1509 N. 15th St.
1509 N. 15th St.
Boise, Idaho 83702
North End Neighborhood
Have updates for this building? Contact Us!
This house was built in 1905 and was remodeled in 1994. The Architect is unknown to us. The style of the house is Victorian, Queen Anne and 2nd Empire influence. A Victorian styled house has many decorative details, such as patterned shingles, which is common. This house has that common feature. Almost all the way around the house, there are green decorative shingles. This house also has a Queen Anne style to it, which is sud-style of Victorian. What makes this house Queen Anne are the vertical windows and at one point it had a stone foundation. The house has a 2nd Empire influence with its Mansard roof. The Mansard roof is a hip roof style characterized by two slopes. On each side of these slopes there are four sides the lower side being steep, almost vertical and the upper sides are shallow. This house has a roof with these characteristics, but is a little different. In the early years of the house, it had a porch and a balcony. During the remodel the porch and the balcony was enclosed to create a sun room or an extra room and add on to the master bedroom. The house was also on much higher foundation higher, but possibly when the remodel was done it was brought closer to the ground. A cool feature to the outside of the house is the sand stone that is used on the side of the house. This sandstone is from the Boise River and also appears in the house. What makes this house interesting on the outside is the use of the Victorian shingles and the sand stone used on the same house. Normally sand stone would not be used in a Victorian house because that is a component of the Queen Anne style. Using both of these styles gives the house a unique style of its own. The rock does not have its natural look to it though because it has been painted over. The look of the house is really cool and has been kept up to still have a similar look from what the original house had. The house also has a cool style on the inside of the house and has some unique features to it. In the entry way there is a set of stairs and the entry way looks like a normal entry way. But at the stairs there is a window. This window is in an odd spot because it is lower than most windows would be so it is hard to see out of when coming down or going up the stairs. Then there is the dining room/sunroom. This room was not originally a room, it was a porch. During the remodel that was done on the house the porch was enclosed. This also happened to the balcony that was upstairs. This added more space to the master bedroom and when walking out on to that space of the room, there is about a foot drop. A cool feature in the house is the claw-foot bathtub. There are not many houses that have claw-foot bathtubs and it is cool that no one has gotten rid of this bathtub. These bathtubs are also not really seen in houses anymore because people have gone to a more modern look and that kind of tub has an older look. There is also a closet in the bathroom. The closet was added on to the house and to the back of the house this closet adds an add on to the roof that is visible and goes with the house. With the adding on of the closet it adds some more character to the house. The kitchen is interesting because it has a window that points to the neighbor?s house, but there is really no view. The kitchen also has a nook, which is a cool architectural thing. The living room is cool because the ceilings are higher than the normal height of ceilings. These ceilings may help the room look bigger because the room is small. There are also a set of French doors in the living room which adds flavor to the room. The French doors also make the room open up more. The house was built on a small lot so the house is small. The house also has some of the same features since it has been built. People that have lived in the house have tried to keep it the same has what is originally looked like to preserve the house.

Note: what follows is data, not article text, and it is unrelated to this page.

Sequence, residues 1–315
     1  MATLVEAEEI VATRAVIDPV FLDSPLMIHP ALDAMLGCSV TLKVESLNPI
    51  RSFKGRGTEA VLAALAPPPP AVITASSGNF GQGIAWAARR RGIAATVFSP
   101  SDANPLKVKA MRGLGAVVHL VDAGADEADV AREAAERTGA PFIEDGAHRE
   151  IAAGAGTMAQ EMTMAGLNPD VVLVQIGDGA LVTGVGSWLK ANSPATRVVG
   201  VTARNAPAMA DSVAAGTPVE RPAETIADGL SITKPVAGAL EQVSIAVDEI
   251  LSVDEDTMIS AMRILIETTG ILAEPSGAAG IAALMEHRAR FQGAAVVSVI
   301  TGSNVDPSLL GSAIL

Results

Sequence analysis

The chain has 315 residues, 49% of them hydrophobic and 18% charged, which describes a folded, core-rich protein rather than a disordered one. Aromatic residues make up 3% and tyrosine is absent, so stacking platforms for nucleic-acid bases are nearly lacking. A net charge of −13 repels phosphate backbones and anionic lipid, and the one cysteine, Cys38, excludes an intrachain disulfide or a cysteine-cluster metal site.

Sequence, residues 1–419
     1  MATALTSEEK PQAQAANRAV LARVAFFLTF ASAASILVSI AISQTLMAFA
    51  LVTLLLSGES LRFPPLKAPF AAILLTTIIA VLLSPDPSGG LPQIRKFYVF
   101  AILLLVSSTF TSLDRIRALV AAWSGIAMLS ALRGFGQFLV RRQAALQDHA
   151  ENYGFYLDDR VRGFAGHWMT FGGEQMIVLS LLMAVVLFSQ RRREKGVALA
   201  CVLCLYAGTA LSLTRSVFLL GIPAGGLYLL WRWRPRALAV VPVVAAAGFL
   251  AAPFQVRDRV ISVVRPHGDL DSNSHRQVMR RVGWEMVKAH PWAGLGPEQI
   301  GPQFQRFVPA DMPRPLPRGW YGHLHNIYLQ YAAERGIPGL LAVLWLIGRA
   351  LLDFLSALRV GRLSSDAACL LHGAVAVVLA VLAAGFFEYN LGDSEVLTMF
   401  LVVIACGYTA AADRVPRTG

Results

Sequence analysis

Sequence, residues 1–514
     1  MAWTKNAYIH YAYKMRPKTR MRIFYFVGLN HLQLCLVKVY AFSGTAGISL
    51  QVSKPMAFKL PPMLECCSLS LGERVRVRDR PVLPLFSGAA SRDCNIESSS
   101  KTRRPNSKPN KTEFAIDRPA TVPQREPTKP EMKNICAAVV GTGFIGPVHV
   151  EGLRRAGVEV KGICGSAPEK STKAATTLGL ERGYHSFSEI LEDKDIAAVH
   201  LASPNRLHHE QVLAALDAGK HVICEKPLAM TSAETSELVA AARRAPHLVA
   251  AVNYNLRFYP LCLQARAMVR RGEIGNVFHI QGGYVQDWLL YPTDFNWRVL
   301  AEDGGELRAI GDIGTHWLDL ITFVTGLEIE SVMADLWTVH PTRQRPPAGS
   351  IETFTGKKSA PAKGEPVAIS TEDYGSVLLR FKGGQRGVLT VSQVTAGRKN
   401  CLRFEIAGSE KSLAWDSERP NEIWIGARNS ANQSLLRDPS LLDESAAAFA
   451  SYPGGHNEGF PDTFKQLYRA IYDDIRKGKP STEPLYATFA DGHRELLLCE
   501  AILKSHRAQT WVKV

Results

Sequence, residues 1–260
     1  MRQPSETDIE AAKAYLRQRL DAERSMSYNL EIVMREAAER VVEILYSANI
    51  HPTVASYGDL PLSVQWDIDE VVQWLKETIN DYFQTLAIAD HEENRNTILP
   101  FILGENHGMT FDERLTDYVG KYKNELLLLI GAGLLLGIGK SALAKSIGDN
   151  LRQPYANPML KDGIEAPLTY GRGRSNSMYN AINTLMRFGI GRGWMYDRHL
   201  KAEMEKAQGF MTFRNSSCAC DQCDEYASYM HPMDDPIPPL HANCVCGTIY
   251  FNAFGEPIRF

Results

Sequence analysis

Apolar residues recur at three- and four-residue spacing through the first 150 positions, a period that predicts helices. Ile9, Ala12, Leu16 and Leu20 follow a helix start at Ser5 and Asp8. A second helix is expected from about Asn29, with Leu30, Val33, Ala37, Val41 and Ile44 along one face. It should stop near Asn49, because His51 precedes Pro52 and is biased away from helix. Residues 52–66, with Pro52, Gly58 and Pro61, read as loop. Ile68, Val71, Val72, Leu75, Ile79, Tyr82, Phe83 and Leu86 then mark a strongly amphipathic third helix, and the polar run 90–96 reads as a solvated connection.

Building submitted by Becca Wolfe and Sarah Gussenhoven